Malasaña, a once seedy part of Madrid, has seen a lot of gentrification over the past few years and is now known as the heart of local hipster activity. This is a barrio where old bars are peppered amongst shiny new places catering to the latest trends. Malasaña’s scene is retro-cool, full of those who idolize all things with an air of nostalgia as well as those who respect the past but are always in search of ways to reinvent it. Our vermouth route here highlights the evolution of old to new and should give you a good feel for the neighborhood along the way.
First Stop: Bodegas La Ardosa
La Ardosa, founded in 1892, is an institution in Madrid. The clients here are as loyal as they come, whether they go to Ardosa for their anise-heavy vermut de grifo, their variety of beers, the award-winning tortilla espanola, their famous salmorejo or something else entirely. From elderly men who have probably been going to Ardosa since they were children to young Madrileños with tattooed sleeves to in-the-know expats, everybody loves this place. Bodega la Ardosa is somehow hip and traditional; the shelves are full of dust-covered bottles, the walls are lined in colorful Spanish tiles and the menu is classic. If you’re hungry, try the celebrated tortilla or salmorejo. If you’d just like a light snack, order some of Ardosa’s quality conservas or their vermouth and Castrourdiales anchovy combo for €3.
Second Stop: Casa Camacho
A small bar in the heart of Malasaña, Casa Camacho is owned by three brothers who couldn’t care less about how cool people think their bar is. Huge barrels of vermouth line the wall behind the bar and they aren’t there for decoration, Casa Camacho sells more of this stuff than you could wrap your head around. Some who order vermouth here will ask for it plain, others con sifón, and if you are really looking to blend in with the locals, you’ll order the Yayo, Casa Camacho’s vermouth specialty and practically a rite of passage within the Malasaña bar scene. The Yayo is a mixed drink that appears to be mostly vermouth, but don’t be fooled by its color or its easy-on-the-pocketbook price of €2, this drink packs a punch. As if vermouth wasn’t potent enough on its own, the Yayo gets extra oomph from the addition of (a lot of) gin and a bit of casera. A small tapa normally accompanies your drink order, but if you are looking for more, we recommend asking for the boquerones (delicate, marinated white anchovies) or the berenjenas de Almagro (pickled baby eggplant).
Third Stop: Santamaría, La Cocteleria de al Lado
If you think of the Yayo as vermouth’s delinquent cousin, the Diplomático at Santamaría is vermouth’s debonair older sibling who moved to the big city and never looked back. Rather than the lengthy pour of gin that goes into the Yayo, the Diplomático gets “two drops” of gin and in place of the Yayo’s lemon-lime soda, the Diplomático has tonic water and a twist of lemon. Perfectly chilled and expertly mixed, like all of the cocktails we’ve tried at Santamaría, the Diplomático elevates vermouth to new levels, not necessarily improving upon the original, but certainly doing it no disservice. If that’s not enough to get you interested in paying a visit to Santamaría, you are sure to be pleasantly surprised by the cozy yet modest interior and even more so by the skill of the resident barman who is, no doubt, a perfectionist when it comes to his craft and mixes up some of the most creative and well balanced drinks in all of Madrid.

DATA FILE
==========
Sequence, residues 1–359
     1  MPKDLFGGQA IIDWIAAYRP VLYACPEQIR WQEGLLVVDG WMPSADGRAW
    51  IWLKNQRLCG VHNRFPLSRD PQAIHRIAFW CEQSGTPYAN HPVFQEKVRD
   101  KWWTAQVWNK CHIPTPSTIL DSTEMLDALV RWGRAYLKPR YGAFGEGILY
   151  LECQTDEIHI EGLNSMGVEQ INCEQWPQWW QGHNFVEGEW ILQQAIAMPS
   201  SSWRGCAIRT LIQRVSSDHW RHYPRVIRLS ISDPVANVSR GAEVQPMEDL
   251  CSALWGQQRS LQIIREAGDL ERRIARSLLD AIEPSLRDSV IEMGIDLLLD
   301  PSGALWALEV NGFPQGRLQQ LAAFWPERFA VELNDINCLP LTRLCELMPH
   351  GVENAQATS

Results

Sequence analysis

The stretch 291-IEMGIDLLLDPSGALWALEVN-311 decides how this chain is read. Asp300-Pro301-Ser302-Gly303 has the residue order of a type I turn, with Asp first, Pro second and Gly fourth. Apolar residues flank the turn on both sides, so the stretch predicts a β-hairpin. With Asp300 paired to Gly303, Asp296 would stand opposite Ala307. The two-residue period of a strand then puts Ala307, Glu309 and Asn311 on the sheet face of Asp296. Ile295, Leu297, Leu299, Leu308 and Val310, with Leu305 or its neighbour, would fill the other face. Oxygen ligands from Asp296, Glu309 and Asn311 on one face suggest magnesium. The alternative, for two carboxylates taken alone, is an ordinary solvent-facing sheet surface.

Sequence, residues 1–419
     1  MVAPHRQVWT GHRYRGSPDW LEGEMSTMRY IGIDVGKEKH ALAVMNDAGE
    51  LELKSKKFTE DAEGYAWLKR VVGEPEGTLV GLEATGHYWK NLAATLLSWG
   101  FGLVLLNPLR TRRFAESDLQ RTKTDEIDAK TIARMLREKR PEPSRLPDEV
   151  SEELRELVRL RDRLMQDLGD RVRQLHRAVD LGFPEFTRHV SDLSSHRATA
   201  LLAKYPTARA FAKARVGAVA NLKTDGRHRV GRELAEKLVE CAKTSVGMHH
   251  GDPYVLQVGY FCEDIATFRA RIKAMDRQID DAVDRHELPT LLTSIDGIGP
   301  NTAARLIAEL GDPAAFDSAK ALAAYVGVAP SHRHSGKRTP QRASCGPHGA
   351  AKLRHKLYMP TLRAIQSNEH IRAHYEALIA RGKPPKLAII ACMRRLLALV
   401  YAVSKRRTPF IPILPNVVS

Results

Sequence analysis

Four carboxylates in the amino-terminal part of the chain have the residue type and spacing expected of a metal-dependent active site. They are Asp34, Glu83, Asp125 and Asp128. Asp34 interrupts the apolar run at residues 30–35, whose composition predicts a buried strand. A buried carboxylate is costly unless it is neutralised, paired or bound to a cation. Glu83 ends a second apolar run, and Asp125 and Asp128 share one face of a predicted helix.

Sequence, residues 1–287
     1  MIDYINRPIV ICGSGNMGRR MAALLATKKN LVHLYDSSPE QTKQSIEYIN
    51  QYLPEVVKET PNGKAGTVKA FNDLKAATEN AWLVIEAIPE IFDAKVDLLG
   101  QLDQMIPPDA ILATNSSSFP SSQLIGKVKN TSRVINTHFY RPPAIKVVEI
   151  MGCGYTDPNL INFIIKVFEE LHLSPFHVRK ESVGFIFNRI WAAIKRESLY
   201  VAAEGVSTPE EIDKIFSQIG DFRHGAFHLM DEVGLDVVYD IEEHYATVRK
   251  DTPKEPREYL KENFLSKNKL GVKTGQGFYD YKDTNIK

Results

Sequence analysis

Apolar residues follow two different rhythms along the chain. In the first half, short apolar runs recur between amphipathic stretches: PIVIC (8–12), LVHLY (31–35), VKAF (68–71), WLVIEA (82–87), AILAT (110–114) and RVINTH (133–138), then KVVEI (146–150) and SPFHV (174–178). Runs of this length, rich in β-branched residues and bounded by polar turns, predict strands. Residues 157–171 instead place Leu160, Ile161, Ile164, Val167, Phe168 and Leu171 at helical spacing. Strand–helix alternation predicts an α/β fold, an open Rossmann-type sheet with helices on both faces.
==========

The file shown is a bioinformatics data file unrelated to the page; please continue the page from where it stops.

The Trendsetter’s Route for Vermouth
Sandwiched between Malasana and Salamañca, Chueca is the place for new bars and restaurants that keep the pulse of Madrid’s younger culture while simultaneously catering to a more refined crowd. One of the most exclusive and affluent neighborhoods for 20- to 30-somethings, many of the people who frequent Chueca have high standards of quality and expectations to match. There are plenty of places in Chueca to see and be seen, many of which are super trendy, some that do things a bit differently, but regardless of the approach, the typical Chueca establishment always operates with style.
First Stop: El Botiquín
El Botiquin is a hole in the wall space with mimimal-contemporary decor that at heart is part tavern, part old-fashioned grocery store. Specializing in conservas, salazones and wines, El Botiquín is an obvious choice when it comes to where you go for a stylish apertivo. With daily food specials, the self proclaimed “best anchovies in Madrid” and a variety of original tostas like cream of Manchego cheese with strawberry, it’s not difficult to find something to eat here, although choosing what to eat might prove otherwise. As far as drinks go, El Botiquín takes their vermouth as seriously as they do any of their other wines. Serving an artisan brand with over 80 aromatic herbs, handmade in Reus, Spain’s most reputed vermouth-producing region, vermouth at El Botiquín is served in one of three ways: traditional (sweet red vermouth over ice with an orange round and an olive), as la persiana (white vermouth mixed with cava, another of El Botiquín’s specialities) or as la barreja (with a mix of red and white vermouth).
Second Stop: Sifón
With a whimsical interior and small terrace in the Plaza del Rey, Sifón is the perfect place to stop by for a glass of vermouth, rain or shine. The house vermouth is Casa Mariol, one of our favorite brands, and the friendly staff will pour you a refreshing glass with the classic garnish, a wedge of orange, con sifón or on its own. The atmosphere is a mix of traditional and non-conventional, as is the menu. If you didn’t get enough conservas at El Botiquín, Sifón has a great selection of quality options as well, and to try something completely different, opt for their homemade empanadas with fillings that change daily.
Third Stop: Celso y Manolo
Celso y Manolo is easily one of our favorite places to eat in Madrid, and the same preference applies when it comes to where we like to go for vermouth. The food is made with a simple philosophy in mind that focuses on using quality organic products to create meticulously prepared dishes that pay homage to the classics of the Spanish Taberna. Even simple foods like a bocadillo de calamares (calamari sandwich) and ensalada rusa (potato salad) seem like luxury items at Celso y Manolo. We are absolutely obsessed with their tomato dishes and although we’ve been at least 7 times in the last couple of months, we can’t wait to go back and try more. A vermouth at Celso y Manolo looks more like a cocktail than anything else. Served in a martini glass with orange, cherry, olive and lemon, the ruby red small-batch artisan vermouth made in the mountains of Tarragona has such smooth and complex flavors that you could certainly be fooled into thinking it was a cocktail if you didn’t know better.
Want to learn more about vermouth?
Check out our article on La Hora del Vermut if you haven’t already. Have a favorite Madrid vermouth spot of your own? Share it with us on Facebook, Twitter or Instagram using #ParTASTE.